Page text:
Clayton does sometimes add some bass riffs/licks to his live performances (Gloria) or simplifies them (Bad).  My beef is that for the 360* Tour, he has been quite one-dimensional in his embellishments - all are "additions" (no simplifications), and some take out the timeless nature of the song (WOWY's bass for example).  Clayton's playfull basslines in WOWY make me cringe - it would be like Edge entirely changing his guitar intro to Steets - you can't do that, you are not supposed to touch the core of some songs.  To me that is what Clayton has done this tour.  His bass playing has changed but it is no longer "tasteful" but bordering on cringeworth and unnecessarily embellished - maybe he is out to prove he is not just U2's freeloader with the "easiest job in the world."  Maybe he needs more appreciation or attention.

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I listened to some 360 recordings this morning just to test what you're saying. I feel like Adam's sound has definitely gotten weaker, but it is by no means the cause of a bad tour. If anything, what pisses me off the most is Bono singing Vertigo to a different tune every night and singing "What Time Is It In The World?" during COBL (What does that even mean anyway??). Also, Streets has been played the same way by Adam since 1987, at least the chorus has...

Clayton is 25% of the band.  If you listen to their sound individually, it is not that as good. U2 are always known to be the sum of the parts so all the parts have to work well.  And no, Clayton has not played the same bass to Steets.  For this tour, he changed it.  Listen to the part in the chorus where Bono sings "and when I go there, I go there with you" and you will notice Clayton's playfulness.  He almost sounds like an American Idol back-up band trying to do a U2 cover for the contestant.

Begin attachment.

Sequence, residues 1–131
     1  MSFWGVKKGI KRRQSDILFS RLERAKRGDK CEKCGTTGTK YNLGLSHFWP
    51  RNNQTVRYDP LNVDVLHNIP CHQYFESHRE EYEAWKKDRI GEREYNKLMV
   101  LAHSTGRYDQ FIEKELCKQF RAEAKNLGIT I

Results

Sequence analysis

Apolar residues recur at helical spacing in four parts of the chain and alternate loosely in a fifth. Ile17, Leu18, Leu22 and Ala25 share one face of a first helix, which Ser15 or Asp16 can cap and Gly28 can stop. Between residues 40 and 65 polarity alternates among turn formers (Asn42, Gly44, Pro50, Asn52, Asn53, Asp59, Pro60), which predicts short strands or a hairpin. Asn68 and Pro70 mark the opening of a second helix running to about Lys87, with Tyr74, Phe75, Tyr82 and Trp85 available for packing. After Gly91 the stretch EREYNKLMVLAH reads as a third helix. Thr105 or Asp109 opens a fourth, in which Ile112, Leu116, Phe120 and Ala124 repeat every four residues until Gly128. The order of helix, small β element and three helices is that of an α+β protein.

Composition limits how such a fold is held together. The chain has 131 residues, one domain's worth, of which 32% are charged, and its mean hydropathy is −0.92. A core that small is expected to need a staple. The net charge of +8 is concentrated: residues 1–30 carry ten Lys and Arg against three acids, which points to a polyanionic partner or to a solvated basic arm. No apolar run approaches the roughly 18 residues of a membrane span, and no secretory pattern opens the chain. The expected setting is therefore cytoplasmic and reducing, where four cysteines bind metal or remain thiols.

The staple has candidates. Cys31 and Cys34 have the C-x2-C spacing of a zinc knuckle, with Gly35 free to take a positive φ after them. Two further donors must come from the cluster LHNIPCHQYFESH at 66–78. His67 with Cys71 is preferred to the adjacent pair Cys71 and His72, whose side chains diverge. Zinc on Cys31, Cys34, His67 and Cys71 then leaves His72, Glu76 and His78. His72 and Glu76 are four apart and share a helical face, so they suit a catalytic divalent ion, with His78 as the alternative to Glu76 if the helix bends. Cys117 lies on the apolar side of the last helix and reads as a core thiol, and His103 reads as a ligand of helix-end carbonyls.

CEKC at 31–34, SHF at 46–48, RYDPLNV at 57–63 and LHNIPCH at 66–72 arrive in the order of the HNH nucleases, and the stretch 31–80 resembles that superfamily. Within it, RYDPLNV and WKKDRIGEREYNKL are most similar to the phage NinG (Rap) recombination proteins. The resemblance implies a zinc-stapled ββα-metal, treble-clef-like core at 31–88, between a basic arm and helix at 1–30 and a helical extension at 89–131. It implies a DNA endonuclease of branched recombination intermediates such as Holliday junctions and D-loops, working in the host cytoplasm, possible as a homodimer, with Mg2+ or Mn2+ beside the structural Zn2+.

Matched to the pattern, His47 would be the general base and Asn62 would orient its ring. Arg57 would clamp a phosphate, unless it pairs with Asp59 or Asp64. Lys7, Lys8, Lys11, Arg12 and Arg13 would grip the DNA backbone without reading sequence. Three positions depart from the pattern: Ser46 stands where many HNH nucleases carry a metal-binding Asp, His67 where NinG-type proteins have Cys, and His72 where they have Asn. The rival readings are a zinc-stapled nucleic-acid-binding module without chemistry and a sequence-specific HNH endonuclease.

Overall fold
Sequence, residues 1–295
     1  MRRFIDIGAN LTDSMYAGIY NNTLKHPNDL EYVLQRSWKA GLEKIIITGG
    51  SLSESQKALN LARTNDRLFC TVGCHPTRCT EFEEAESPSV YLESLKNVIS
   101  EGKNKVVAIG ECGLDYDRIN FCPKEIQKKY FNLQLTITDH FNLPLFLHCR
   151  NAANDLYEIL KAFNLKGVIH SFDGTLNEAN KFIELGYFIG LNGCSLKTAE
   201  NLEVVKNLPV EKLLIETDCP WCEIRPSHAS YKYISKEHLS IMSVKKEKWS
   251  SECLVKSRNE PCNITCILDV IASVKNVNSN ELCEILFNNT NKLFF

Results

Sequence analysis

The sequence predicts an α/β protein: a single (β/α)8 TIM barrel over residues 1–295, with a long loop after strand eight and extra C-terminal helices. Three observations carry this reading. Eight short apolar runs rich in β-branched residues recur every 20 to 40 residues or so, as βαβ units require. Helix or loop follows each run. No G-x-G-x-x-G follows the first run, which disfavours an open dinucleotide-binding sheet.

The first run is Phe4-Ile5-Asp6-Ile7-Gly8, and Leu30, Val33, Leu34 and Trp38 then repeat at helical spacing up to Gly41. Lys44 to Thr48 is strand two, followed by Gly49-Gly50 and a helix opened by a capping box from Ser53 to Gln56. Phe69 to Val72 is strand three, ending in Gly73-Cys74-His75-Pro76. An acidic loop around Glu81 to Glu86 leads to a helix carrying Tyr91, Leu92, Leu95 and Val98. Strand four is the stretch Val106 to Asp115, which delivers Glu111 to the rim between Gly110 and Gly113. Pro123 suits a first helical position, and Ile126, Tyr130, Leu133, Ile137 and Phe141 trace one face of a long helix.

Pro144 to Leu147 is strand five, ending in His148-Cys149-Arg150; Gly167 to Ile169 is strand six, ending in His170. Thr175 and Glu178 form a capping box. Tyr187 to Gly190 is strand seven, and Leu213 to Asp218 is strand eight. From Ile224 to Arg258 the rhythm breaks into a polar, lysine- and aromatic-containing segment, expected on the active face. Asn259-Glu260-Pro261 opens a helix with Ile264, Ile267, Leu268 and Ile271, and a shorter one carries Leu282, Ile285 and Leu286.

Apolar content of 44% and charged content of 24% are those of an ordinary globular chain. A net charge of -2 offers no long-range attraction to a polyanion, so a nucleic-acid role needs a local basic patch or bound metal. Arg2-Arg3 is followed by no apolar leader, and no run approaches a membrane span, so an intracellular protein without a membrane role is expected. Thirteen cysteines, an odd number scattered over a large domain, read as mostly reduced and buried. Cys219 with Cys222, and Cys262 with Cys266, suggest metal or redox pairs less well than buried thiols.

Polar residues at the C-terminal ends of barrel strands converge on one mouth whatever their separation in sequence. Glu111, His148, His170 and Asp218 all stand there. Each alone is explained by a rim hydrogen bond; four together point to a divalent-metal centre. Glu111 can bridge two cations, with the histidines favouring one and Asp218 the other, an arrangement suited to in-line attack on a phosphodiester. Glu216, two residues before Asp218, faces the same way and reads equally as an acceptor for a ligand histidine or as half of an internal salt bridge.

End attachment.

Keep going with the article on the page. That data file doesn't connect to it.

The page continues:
Cheers,

J

Offline Bads316

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Re: Is Clayton The Real Culprit For 360 Tour's Stale Performances?
« Reply #63 on: May 09, 2011, 05:20:14 AM »
Clayton's played a different bass line for Streets for every single tour since the song was born.

Offline cathalmc

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Re: Is Clayton The Real Culprit For 360 Tour's Stale Performances?
« Reply #64 on: May 09, 2011, 06:58:51 AM »

That's a beautiful micro-analysis of the changes to Adam's bass-playing, Jick. I'm sure it's all true.

But, what stale 360 tour performances?

Offline HarlemsAngel94

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Re: Is Clayton The Real Culprit For 360 Tour's Stale Performances?
« Reply #65 on: May 09, 2011, 07:16:26 PM »
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Clayton's played a different bass line for Streets for every single tour since the song was born.

The chorus has been mostly the same though... Untilllll...
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Who says he had to stay playing the song EXACTLY like the album versions, Edge doesn't all the time, neither does Larry sometimes, and especially Bono to that extent. He's just experimenting a bit with his playing.

I'd like to point out that
-  there are some guitar solos in live versions of Bullet the Blue Sky that don't exist on album versions